15 Principles of Internet Marketing

Ian Lurie

In no particular order:

  1. No one’s lives depend on what we do.
  2. But people’s livelihoods do. So take your work seriously, and take pride in it.
  3. 75% of your audience uses a search engine to find you. Get used to it. All the banners and ‘viral’ marketing on earth won’t come close to results produced by a top 5 ranking for a relevant phrase.
  4. But, a broad base is better. Don’t rely on just one marketing vehicle. Build a complete internet marketing strategy that includes, at a minimum, paid search, organic search, e-mail and online PR.
  5. Never underestimate the power of an angry customer.
  6. Never underestimate the power of a happy customer.
  7. Pretty is great. Easy is better.
  8. You’re not the customer.
  9. Karma exists. Treat customers and prospective customers with respect, and they’ll reciprocate. Spam them, annoy them, and lie to them, and they’ll retaliate.
  10. Risk is necessary.
  11. Risk without measurement is suicide. Analytics are a must.
  12. IT is not marketing. Don’t make them run the web site. It’s not fair to anyone.
  13. A web site does not equal an internet marketing strategy.
  14. Plan, but adapt. Don’t be stubborn. Listen to what your customers tell you in their response.
  15. All marketing has a message. What’s yours?
The 10 Commandments
Ian Lurie

Ian Lurie is the founder of Portent. He's been a digital marketer since the days of AOL and Compuserve (that's more than 25 years, if you're counting). Ian's recorded training for Lynda.com, writes regularly for the Portent Blog and has been published on AllThingsD, Smashing Magazine, and TechCrunch. Ian speaks at conferences around the world, including SearchLove, MozCon, Seattle Interactive Conference and ad:Tech. He has published several books about business and marketing: One Trick Ponies Get Shot, available on Kindle, The Web Marketing All-In-One Desk Reference for Dummies, and Conversation Marketing. Ian is now an independent consultant and continues to work with the Portent team, training the agency group on all things digital. You can find him at www.ianlurie.com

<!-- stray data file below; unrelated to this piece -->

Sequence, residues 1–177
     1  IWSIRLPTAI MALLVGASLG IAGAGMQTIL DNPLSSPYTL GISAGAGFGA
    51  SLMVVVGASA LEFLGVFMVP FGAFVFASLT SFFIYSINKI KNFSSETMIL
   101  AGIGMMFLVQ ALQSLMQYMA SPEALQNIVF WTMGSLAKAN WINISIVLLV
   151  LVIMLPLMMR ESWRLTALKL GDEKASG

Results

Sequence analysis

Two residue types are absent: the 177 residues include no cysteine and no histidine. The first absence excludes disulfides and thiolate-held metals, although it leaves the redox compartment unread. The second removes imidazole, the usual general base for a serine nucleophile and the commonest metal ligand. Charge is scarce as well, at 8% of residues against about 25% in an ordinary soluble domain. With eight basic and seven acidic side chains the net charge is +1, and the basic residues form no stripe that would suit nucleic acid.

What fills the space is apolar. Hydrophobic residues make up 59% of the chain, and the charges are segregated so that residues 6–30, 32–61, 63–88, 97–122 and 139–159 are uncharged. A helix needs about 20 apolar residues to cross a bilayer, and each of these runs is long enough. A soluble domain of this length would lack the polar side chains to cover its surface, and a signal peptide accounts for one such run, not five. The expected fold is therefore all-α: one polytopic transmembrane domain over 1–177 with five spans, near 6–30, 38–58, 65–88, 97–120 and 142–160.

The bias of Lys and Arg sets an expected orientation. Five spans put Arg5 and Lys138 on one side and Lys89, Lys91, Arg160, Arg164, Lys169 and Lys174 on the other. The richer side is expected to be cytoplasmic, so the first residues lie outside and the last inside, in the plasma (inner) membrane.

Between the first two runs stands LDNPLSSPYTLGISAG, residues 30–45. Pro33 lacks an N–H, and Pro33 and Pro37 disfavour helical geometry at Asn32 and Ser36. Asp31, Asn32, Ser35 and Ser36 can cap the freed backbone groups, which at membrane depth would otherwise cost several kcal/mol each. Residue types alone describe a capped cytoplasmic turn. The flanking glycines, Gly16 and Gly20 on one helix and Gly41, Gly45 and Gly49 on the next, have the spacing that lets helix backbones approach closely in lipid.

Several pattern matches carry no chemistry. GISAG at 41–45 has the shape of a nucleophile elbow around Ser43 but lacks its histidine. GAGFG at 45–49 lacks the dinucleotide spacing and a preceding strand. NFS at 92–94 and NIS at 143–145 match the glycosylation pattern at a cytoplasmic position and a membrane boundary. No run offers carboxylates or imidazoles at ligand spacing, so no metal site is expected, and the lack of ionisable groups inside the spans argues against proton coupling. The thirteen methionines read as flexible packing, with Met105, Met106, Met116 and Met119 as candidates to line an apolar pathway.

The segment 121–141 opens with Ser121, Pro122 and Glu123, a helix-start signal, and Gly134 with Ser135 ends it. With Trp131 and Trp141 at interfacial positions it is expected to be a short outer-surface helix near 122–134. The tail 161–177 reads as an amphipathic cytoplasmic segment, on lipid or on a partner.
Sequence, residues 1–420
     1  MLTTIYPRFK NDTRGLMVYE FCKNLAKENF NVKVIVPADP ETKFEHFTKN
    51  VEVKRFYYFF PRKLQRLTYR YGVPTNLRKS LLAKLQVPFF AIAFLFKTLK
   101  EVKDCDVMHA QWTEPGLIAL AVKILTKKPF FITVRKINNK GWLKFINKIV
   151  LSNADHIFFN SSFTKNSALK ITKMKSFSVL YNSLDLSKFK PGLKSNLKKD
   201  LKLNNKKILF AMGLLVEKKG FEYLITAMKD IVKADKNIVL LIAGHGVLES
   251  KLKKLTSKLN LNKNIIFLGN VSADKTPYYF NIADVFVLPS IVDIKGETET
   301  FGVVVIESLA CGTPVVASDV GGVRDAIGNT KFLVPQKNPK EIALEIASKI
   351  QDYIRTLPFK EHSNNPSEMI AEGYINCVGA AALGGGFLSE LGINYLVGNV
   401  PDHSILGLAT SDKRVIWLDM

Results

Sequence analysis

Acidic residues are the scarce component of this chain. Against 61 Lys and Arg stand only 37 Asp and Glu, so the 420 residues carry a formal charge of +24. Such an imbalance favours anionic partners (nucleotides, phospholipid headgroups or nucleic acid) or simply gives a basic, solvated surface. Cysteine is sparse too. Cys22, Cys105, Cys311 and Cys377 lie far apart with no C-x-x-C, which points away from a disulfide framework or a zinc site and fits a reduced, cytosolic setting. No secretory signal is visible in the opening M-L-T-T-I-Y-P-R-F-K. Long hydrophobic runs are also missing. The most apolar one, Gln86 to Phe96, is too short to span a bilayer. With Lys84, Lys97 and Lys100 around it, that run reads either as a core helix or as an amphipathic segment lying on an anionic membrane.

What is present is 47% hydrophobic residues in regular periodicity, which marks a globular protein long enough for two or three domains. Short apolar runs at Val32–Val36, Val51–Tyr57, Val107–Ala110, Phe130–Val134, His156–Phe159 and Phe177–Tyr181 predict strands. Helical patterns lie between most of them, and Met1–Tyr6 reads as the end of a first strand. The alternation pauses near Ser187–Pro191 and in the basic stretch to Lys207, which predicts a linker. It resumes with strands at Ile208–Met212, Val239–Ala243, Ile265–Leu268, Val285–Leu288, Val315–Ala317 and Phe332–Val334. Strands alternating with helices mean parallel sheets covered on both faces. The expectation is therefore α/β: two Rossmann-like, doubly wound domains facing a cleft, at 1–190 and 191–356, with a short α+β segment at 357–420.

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  1. Really useful and interesting post. In particular (i thought) points: 3,4,5,6,10,11,14 and 15(and the others, but in particular, these).

  2. #3 — I think this applies largely in many cases, but can one really make such a blanket statement? You could reason that Coca-Cola has less of a need for SEO than they do branding. And my corner deli, what use is search engine rankings when their entire clientele comes from a 2 block radius and knows full well that they exist?

  3. Hi Paul,
    Many internet users don’t even use their browser’s address bar to find a site. They go to Google/Yahoo/MSN and type the address or company name right into the search engine, and use that as a navigation device.
    While Coca-Cola may not need search when folks search for ‘soft drink’, what about when they search for Coca-Cola’s involvement in third world countries? Good SEO, for Coke, means they can manage their image. Bad SEO means they lose all control.
    For the corner deli, well, you’re right. But I wouldn’t recommend using internet marketing for them, either.

  4. Great article. Very clearly written and held my attention. Enjoyed it and will definately be back to see what you have. Keep up the good work

  5. Everyone who comes in here wants three things:
    (1) They want it quick.
    (2) They want it good.
    (3) They want it cheap.
    I tell ’em to pick two and call me back.
    — sign on the back wall of a small printing company

  6. Nice list!
    But do you agree that marketing is really a balance between a lie and fact? I mean to get the effect, sometimes a certain amount of lie is necessary. It won’t be a harmful lie but it is still a lie. May be some people call it a boost up?

  7. @Lunar absolutely, but I prefer ‘story telling’ ala Seth Godin in All Marketers are Liars. In marketing, an outright lie is created to fool someone into doing something they’ll later regret. Storytelling puts the product in a context that helps the customer decide whether it’s right for them or not.

  8. Found this via StumbleUpon – good list!

    #7. Pretty is great. Easy is better.

    The definition of ‘pretty’ in nowadays somehow is the synonyms of easy nowadays. User friendly will always be the top priority in good web designs.

  9. Lol.. I really liked that list. An angry customer is very true, could do lots of harm to you in a relatively short time. Recommendations from consumers about your site is also awesome.

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